POPE FRANCIS AT FAMILY FESTIVAL PRAYER VIGIL: FAMILIES ARE FACTORIES OF HOPE
(Vatican Radio) Pope Francis participated in a great gathering of families on Saturday evening in Philadelphia, host city of the World Meeting of Families, for a vigil of prayer and a celebration of the family. The following is Chris Altieri’s report for Vatican Radio from Philadelphia:
Hosted by actor Mark Wahlberg, and with a rundown that numbered several A-list personalities and legendary performers including vocalist Aretha Franklin and tenor Andrea Bocelli, the event was punctuated by the testimony of six couples representing various ages and conditions of family life:
An engaged couple from Australia, Camillus O’Kane and Kelly Walsh, whose faith gives them inspiration, courage and direction as they prepare for married life in a cultural context that is not always friendly to the idea of lifelong, selfless commitment.
A Ukrainian immigrant woman and her two sons, one of whom has special needs, and who have struggled to make a life for themselves here in the United States, and whose faith sustains them in their trials.
Nidal Mousa and Nida Joseph, a Christian family from Jordan with their two daughters, Faten and Dema, who minister to people in serious poverty, religious persecution, immigration, and war.
Ifeyinwa and Chidi, a couple from Nigeria with four children, whao are about to celebrate 24 years of marriage and who shared their experience of injury, healing and forgiveness.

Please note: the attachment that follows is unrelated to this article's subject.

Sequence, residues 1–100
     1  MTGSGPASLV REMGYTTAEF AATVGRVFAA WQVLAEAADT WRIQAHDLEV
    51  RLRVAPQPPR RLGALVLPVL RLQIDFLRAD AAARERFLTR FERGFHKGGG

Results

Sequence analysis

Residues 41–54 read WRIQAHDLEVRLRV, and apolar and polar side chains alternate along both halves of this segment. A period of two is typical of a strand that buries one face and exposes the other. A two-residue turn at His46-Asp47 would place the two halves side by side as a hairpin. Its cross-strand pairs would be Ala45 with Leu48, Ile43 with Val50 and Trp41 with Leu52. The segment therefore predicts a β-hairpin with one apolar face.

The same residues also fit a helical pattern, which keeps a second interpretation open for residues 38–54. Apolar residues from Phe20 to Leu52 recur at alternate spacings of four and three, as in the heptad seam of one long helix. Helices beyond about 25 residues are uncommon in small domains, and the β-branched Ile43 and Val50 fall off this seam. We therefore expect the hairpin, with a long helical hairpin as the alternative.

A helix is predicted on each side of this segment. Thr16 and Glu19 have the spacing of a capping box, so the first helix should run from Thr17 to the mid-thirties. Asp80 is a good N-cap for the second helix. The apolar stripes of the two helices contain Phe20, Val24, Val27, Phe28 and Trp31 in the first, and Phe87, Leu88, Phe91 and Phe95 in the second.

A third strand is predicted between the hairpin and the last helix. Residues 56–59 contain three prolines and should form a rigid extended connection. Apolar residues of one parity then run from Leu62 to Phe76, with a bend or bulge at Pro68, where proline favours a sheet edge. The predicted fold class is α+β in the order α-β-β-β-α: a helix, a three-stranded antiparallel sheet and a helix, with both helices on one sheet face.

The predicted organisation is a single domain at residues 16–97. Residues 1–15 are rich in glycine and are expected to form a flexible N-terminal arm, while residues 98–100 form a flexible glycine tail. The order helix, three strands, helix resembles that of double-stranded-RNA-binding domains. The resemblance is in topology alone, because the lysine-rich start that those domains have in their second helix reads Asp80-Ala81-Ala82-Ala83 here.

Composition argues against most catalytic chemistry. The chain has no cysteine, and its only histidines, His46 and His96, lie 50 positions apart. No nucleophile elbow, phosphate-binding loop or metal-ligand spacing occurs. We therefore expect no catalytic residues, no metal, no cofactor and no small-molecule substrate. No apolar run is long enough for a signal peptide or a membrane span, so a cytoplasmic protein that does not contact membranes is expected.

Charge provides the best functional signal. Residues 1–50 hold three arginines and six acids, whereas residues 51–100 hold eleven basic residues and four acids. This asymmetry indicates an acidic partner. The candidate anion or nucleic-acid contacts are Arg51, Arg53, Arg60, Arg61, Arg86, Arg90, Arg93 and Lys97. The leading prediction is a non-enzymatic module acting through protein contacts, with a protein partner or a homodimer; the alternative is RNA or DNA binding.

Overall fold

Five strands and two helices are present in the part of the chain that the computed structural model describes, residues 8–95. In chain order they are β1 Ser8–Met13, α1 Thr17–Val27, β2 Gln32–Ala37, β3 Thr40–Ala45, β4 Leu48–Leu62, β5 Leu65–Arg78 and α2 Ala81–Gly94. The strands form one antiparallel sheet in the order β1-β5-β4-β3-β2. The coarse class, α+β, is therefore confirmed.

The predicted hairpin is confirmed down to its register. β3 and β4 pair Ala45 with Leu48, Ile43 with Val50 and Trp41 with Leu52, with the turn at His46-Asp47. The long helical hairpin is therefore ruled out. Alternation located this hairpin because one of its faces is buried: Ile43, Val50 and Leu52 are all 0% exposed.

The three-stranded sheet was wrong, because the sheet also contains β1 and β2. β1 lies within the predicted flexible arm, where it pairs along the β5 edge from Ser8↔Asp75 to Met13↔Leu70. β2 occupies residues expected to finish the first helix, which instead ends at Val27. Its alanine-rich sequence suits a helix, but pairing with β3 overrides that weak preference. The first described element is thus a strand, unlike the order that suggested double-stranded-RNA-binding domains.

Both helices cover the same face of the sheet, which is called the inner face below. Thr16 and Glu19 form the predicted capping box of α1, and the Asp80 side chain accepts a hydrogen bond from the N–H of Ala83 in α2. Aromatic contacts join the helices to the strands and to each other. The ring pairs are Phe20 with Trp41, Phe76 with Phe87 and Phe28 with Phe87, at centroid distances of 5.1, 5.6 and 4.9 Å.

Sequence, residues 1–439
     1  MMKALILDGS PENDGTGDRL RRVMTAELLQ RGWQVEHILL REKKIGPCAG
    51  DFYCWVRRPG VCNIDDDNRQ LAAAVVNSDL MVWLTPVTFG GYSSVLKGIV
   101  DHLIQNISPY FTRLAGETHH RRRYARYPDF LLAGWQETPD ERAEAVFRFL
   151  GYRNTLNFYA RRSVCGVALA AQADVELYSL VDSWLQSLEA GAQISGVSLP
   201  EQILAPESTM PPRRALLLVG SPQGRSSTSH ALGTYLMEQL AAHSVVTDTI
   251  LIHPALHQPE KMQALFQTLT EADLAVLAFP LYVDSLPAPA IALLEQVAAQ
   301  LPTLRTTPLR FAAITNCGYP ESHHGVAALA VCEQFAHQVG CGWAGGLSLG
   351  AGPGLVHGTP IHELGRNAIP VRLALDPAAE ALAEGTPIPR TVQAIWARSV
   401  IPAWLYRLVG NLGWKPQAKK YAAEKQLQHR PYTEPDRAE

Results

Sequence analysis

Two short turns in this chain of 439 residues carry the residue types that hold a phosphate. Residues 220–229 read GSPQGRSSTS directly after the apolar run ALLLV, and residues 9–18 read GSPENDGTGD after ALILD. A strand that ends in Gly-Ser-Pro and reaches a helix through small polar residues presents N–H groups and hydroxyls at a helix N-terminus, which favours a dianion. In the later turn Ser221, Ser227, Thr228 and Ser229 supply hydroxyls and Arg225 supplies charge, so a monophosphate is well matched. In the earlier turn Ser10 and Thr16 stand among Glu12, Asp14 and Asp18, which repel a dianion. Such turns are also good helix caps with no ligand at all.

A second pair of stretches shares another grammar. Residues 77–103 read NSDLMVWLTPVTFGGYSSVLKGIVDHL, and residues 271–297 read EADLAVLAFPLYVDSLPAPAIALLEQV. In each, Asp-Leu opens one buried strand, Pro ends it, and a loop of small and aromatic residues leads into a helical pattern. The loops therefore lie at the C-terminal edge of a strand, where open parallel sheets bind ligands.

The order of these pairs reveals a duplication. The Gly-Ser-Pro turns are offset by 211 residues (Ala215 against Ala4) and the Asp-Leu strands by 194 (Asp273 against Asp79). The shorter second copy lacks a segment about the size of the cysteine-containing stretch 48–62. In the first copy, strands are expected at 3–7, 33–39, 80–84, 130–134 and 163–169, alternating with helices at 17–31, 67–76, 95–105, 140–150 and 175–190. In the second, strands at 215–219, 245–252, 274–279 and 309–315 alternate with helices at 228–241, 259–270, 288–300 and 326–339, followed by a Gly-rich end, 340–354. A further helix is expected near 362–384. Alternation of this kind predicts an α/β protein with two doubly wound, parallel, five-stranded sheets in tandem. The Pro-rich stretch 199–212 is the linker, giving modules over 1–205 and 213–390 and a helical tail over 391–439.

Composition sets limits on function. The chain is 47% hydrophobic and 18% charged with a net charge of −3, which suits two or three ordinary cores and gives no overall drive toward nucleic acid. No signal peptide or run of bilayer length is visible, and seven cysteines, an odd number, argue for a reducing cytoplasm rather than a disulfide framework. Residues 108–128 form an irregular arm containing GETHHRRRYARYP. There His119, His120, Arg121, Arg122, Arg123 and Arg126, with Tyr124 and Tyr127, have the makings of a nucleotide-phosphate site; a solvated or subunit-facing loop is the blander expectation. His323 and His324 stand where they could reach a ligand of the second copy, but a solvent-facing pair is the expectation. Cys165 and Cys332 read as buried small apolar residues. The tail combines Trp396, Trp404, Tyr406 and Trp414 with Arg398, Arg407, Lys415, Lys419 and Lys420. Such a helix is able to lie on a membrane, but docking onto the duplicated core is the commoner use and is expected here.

Leona and Rudy Gonzales from New York, grandparents and great-grandparents of 12, who offered their witness to the indispensable role of extended family in family life.
Mario and Rosa from Argentina: married 60 years, they spoke of the need for families to rest in God’s providence.
In his own remarks to the participants, Pope Francis put aside his prepared speech, and spoke of the family as God’s great gift, and the most beautiful part of God’s creation. The family is the channel and reflection of God’s own beauty, truth, and goodness. “The family,” founded on the marital love of a man and a woman that alone can generate and nurture life according to God’s own plan, “is like a factory of hope.”
Though there are no perfect families, and though in every family there are tensions, difficulties, conflicts, challenges, there is in the family also the abiding love by which all these can be overcome. “Families have their difficulties, in families we quarrel,” he said. “Sometimes plates can fly and children bring headaches and I won’t speak about mothers-in-law! But in the family there is always light because the love of God, the Son of God opened also that door of love. But just as there are problems in families we must remember there is the light of the Resurrection.”
“Only love is able to overcome,” said Pope Francis, who went on to discuss also the intergenerational nature of the family, calling all present to remember and to care for children and elderly family members. “Children, younger and older are the future, the strength that moves us forward. Grandparents are the living memory of the family, they passed on the faith to us – to look after grandparents and children is the expression of love.”